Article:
My thesis is basically ethical in nature.

In the first part I'm trying to establish a reasonable deffinition of disability based upon factors such as desire, consciousness, effort and quality of life. In the second part i'll then apply this deffinition to a number of problems. I have for instance already got a workable deffinition of when a thing is, or is not accessible.

that's why this sort of thing is related, ---- sinse though I am not working in a legal field, most government legislation, ---- as well as even more basic social deffinitions is based on a rather shoody system of defigning disability, ---- which doesn't seem to work.

also, in terms of the academic literature, medical professionals simply state that condition X is a disability, ---- without saying overall what a disability is. Then in the 1970's, a raging mob of sociologists decided that the entire "disability" deffinition was just another form of discrimination like racism or sexism, ----- and railed loudly about it ever sinse.

that's why I'd like to take a step back, and start with first principles with "The word disability means" and go on from there, ---- hopefully ending with something useful.

That's the plan anyway.

On the international front, i've actually noticed that atitudes of individual people as well as countries can vary widely.

By and large it seems people in American, norway, Germany, Holland and several other places are more relaxed on the disability issue, ---- despite legal hang ups, and will both provide some sort of assistance, ---- ie, tactile lift buttons, and not treat someone like a marssian simply because their carrying a white stick or in a wheel chair.

Sadly other countries, ---- Britain included, are not so great.

I do not actually use busses at all for the reason you described, ---- in fact in this country, trying to get a driver to notify you of a stop is an absolute impossibility!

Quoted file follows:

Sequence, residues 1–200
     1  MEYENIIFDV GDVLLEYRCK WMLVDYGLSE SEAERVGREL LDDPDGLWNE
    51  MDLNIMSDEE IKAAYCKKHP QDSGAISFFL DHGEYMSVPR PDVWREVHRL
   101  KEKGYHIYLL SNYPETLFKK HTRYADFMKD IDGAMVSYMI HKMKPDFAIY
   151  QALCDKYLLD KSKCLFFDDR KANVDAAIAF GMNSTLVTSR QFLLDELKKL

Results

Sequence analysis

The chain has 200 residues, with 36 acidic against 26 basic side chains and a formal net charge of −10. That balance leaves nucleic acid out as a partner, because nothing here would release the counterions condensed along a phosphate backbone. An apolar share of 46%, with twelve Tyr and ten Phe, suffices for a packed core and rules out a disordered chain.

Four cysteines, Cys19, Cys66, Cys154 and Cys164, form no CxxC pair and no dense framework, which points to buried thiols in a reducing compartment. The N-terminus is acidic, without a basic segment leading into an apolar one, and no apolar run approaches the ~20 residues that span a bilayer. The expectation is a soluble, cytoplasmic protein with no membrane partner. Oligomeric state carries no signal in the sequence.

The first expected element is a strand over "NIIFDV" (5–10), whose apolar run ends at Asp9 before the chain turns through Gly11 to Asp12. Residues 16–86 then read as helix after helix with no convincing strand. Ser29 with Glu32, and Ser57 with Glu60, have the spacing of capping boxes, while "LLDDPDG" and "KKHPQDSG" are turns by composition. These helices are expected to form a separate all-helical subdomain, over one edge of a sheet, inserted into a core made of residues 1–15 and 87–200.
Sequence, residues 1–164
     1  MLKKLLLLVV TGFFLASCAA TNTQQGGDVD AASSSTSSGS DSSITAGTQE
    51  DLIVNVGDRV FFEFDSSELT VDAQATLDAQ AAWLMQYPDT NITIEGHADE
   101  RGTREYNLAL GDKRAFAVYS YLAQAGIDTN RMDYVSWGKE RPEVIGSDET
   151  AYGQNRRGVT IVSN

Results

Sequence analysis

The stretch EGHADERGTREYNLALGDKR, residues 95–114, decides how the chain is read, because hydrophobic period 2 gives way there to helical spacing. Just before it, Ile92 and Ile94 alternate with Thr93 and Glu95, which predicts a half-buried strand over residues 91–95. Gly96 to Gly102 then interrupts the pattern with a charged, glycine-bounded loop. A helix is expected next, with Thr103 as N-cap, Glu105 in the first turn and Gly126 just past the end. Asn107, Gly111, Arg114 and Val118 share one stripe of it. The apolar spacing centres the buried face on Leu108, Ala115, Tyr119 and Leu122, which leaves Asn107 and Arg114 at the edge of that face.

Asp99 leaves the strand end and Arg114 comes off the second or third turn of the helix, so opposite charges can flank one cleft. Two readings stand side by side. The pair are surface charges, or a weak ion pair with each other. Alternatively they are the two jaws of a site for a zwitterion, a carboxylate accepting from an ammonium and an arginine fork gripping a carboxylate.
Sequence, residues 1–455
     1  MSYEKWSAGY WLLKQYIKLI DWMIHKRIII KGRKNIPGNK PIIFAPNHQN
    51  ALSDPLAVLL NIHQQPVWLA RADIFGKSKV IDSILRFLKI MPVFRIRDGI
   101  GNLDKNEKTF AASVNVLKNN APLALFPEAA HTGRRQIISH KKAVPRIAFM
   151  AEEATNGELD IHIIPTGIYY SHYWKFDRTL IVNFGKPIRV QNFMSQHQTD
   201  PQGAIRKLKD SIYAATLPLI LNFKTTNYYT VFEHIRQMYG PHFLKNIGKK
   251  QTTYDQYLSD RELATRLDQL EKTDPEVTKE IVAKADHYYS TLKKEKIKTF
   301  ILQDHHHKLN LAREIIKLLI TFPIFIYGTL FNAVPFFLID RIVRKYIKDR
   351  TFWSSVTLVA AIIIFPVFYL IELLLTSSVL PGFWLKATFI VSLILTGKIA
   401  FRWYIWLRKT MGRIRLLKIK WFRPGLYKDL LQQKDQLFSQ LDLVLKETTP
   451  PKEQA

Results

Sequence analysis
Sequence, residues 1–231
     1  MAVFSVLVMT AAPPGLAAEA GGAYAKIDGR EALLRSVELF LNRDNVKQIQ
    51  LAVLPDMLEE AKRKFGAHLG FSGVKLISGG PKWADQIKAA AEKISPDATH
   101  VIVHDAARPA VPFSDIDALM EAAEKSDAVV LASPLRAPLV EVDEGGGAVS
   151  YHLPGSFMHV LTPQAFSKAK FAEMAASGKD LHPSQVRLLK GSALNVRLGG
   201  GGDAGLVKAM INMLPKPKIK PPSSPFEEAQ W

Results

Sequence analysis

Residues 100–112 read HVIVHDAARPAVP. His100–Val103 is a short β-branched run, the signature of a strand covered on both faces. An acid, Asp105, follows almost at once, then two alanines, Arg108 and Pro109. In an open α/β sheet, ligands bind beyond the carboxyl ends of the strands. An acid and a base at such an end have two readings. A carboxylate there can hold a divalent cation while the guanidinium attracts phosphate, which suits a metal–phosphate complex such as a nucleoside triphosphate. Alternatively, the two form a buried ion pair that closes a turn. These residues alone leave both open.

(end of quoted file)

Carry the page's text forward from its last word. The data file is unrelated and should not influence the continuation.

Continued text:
I've also had innumerable instances where people behave in an absolutely idiotic manner, ---- usually arousing my sarcasm.

One amusing instance, i was walking down a six foot wide pavement, ---- six feet from a lady. She decided for reasons best known to herself to bellow in an incredibly loud voice for the hole street to here "mind! the Blind! man!"

Not to be outdone, I turned round and bellowed equally loudly "yes! mind the man who is not deaf!"

Sadly this isn't an isolated incident. if I go to a general event of any nature, I can be certain nobody will even acknolidge my existance for the first three hours, ---- much less see me as a human being worth talking to.

On one occasion, I was in a performance with an american director, ---- who was aqbsolutely and completely shocked by this behaviour!

When I visited norway however, not only was everyone quite prepared to be reasonable, --- but the social reactions were truly bizarre!

Standing at the side of the road with my cane, the traphic would very literally and abruptly stop! as though it'd reached a red light, ---- I've never seen that in any country sinse.

Then of course there are the legal issues. In america for instance, --- -isn't it the law that the first few seats of every train cariage be left for disabled passengers?

I'll stop before this turns into a wrant (ooopse! too late), but hopefully this illustrates why I'm working on a theory of disability, and what sort of things I'd like it to highlight.

Do I think it will change the world? ---- heck no! but having it out there and having people rethink the debate certainly can't hurt.

pluss of course, I get my Phd out of it ---- grin!

We'd better get back to games now.

Dark.

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